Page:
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Hepatitis B virus vaccine and chronic kidney disease. The advances



Hepatitis B is an important agent of liver disease in patients with chronic kidney disease and chronic HBV infection promotes the development of CKD in the adult general population. Patients with CKD have a suboptimal response to various vaccines, and it remains unclear how we boost the immune response of CKD patients to HB vaccine.

Study aims and design

We performed a narrative review to assess the mechanisms of lower immunogenicity of HBV vaccine in CKD population; multiple approaches to improve the response rate of CKD patients to HBV vaccine have been reported. This is a very important topic for nephrologists who often serve as primary case providers for patients with CKD.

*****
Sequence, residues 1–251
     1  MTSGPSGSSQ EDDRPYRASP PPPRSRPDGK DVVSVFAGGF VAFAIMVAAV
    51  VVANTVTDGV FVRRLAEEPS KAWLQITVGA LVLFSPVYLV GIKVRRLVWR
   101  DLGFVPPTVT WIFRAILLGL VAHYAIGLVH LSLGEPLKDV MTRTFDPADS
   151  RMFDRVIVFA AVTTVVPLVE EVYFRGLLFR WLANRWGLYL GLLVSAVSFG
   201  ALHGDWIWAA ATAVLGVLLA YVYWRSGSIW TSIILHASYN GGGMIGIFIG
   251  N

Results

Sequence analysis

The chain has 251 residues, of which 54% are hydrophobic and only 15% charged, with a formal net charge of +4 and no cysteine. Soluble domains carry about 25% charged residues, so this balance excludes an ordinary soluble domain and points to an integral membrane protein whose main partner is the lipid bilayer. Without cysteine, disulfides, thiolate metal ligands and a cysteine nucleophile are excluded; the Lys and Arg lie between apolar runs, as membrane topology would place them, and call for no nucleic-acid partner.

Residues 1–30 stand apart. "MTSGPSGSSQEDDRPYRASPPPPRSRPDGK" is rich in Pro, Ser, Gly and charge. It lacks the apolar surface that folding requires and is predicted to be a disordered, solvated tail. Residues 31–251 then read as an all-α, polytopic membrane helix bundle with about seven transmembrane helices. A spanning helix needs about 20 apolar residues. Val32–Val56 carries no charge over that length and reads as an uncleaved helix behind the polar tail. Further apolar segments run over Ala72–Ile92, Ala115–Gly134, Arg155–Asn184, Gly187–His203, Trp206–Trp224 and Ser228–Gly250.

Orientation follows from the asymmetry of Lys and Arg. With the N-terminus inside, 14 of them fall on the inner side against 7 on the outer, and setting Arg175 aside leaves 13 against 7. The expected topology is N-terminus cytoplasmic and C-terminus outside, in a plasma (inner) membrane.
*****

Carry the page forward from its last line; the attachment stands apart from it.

The recommended vaccine schedule for CKD patients including those on maintenance dialysis is based on recombinant vaccine, four doses (month 0,1,2, and 6; 40mcg each) by intramuscular route (deltoid muscle). According to RCTs or observational studies, some recombinant vaccines with adjuvants (i.e., HBV-AS02 and HBV-AS04) look promising. HBV-AS04 showed to give better seroprotection rates and durable immune response over extended follow-ups compared with licensed HBV vaccine in CKD patients. The seroprotection rate was 95% (97/102) and 82% (202/248) in pre-dialysis and dialysis patients, respectively, one month after completing vaccine schedule with HBV-AS04. HBV-AS02 was superior to licensed vaccine in terms of seroprotection rate, 76.9% vs. 37.6%.


We suggest adjuvanted recombinant (HBV-AS04) vaccine (0,1,2 and 3 months; 20 mcg each dose) and post vaccination testing of anti-HBs antibody after vaccination. Booster doses to patients whose anti-HBs titers fall below the seroprotection level (<10IU/mL) during the follow-up are appropriate. The patho-physiologic mechanisms responsible for the poor immunogenicity of HBV vaccine in CKD patients are under active investigation.

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